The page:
JOURNAL ARTICLE

Manual physical therapy for injection-confirmed nonacute acromioclavicular joint pain

Kevin D Harris, Gail D Deyle, Norman W Gill, Robert R Howes
Journal of Orthopaedic and Sports Physical Therapy 2012, 42 (2): 66-80
22030329

STUDY DESIGN: Prospective single-cohort study.

OBJECTIVES: To determine and document changes in pain and disability in patients with primary, nonacute acromioclavicular joint (ACJ) pain treated with a manual therapy approach.

BACKGROUND: To our knowledge, there are no published studies on the physical therapy management of nonacute ACJ pain. Manual physical therapy has been successful in the treatment of other shoulder conditions.

METHODS: The chief inclusion criterion was greater than 50% pain relief with an ACJ diagnostic injection. Patients were excluded if they had sustained an ACJ injury within the previous 12 months. Treatment was conducted utilizing a manual physical therapy approach that addressed all associated impairments in the shoulder girdle and cervicothoracic spine. The primary outcome measure was the Shoulder Pain and Disability Index. Secondary measures were the American Shoulder and Elbow Surgeon and global rating of change scales. Outcomes were collected at baseline, 4 weeks, and 6 months. The Shoulder Pain and Disability Index and American Shoulder and Elbow Surgeon scale values were analyzed with a repeated-measures analysis of variance.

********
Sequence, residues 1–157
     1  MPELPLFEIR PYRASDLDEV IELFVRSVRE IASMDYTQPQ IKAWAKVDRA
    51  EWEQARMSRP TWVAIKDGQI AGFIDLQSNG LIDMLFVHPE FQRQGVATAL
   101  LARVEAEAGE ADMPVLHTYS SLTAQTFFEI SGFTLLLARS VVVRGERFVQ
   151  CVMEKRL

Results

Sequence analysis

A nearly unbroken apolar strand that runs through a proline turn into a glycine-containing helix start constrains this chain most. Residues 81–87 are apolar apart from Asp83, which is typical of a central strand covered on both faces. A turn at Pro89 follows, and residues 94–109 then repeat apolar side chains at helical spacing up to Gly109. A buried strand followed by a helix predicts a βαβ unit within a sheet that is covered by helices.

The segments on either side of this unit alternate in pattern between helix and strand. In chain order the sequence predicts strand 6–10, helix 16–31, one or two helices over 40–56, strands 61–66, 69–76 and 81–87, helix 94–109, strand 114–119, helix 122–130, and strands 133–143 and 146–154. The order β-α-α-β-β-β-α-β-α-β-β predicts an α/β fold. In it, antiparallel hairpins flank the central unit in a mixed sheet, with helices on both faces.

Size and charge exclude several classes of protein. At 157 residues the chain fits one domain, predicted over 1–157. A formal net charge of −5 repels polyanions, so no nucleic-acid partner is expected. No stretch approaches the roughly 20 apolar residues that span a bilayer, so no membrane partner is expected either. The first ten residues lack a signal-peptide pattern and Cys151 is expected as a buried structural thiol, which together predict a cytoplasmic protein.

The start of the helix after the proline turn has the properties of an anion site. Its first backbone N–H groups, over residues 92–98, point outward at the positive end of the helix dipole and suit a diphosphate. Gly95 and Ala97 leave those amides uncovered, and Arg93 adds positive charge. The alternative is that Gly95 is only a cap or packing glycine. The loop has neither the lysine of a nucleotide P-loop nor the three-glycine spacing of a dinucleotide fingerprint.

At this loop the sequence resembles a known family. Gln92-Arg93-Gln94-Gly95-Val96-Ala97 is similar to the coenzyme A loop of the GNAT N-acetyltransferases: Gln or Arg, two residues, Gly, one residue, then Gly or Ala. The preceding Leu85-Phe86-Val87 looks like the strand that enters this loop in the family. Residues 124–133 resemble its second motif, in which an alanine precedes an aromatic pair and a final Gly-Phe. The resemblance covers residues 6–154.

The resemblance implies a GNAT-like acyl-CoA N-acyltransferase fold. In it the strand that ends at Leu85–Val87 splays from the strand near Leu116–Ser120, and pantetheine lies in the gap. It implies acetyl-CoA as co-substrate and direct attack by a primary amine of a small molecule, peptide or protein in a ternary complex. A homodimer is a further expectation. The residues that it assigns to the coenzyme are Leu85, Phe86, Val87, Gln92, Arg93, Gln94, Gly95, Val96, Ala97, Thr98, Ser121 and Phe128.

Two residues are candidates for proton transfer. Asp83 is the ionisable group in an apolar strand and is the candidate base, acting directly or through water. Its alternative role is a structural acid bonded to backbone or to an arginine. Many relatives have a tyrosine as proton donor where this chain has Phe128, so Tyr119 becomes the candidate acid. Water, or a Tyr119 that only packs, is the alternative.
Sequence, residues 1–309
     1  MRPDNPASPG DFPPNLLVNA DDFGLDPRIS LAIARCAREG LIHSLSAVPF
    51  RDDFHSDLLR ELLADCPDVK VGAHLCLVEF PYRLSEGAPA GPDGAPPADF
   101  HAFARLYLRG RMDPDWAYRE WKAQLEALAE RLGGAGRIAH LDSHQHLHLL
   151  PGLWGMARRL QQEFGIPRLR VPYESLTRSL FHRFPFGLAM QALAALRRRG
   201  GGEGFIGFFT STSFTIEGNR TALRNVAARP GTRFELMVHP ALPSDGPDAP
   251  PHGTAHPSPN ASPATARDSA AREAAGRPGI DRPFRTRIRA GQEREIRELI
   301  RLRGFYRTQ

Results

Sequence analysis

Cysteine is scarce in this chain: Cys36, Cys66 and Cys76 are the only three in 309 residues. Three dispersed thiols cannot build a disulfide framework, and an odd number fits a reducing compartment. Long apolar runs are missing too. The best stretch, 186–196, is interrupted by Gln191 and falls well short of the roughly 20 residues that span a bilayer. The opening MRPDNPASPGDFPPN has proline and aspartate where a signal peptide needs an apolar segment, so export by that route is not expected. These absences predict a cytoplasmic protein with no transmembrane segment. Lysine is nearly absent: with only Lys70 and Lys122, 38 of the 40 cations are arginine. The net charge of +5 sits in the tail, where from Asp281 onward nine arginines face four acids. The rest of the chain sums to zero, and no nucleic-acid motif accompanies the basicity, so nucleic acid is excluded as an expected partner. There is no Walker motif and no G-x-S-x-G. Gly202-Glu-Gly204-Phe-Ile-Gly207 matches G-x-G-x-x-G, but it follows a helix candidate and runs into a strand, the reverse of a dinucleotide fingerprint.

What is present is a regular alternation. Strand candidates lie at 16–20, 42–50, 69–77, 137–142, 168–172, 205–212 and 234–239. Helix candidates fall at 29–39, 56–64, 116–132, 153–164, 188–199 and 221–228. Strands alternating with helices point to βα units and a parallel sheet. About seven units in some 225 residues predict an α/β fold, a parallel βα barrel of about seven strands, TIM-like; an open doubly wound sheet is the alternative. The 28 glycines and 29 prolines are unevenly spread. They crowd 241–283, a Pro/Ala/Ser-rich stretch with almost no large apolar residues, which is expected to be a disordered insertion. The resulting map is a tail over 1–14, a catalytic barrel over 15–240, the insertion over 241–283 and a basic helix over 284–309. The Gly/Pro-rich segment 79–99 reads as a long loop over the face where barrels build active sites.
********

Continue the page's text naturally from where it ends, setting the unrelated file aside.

RESULTS: Thirteen patients (11 male; mean ± SD age, 41.1 ± 9.6 years) completed treatment consisting of an average of 6.4 sessions. Compared to baseline, there was a statistically significant and clinically meaningful improvement for the Shoulder Pain and Disability Index at 4 weeks (P = .001; mean, 25.9 points; 95% confidence interval [CI]: 11.9, 39.8) and 6 months (P<.001; mean, 29.8 points; 95% CI: 16.5, 43.0), and the American Shoulder and Elbow Surgeon scale at 4 weeks (P<.001; mean, 27.9 points; 95% CI: 14.7, 41.1) and 6 months (P<.001; mean, 32.6 points; 95% CI: 21.2, 43.9).

CONCLUSION: Statistically significant and clinically meaningful improvements were observed in all outcome measures at 4 weeks and 6 months, following a short series of manual therapy interventions. These results, in a small cohort of patients, suggest the efficacy of this treatment approach but need to be verified by a randomized controlled trial.

LEVEL OF EVIDENCE: Therapy, level 4.

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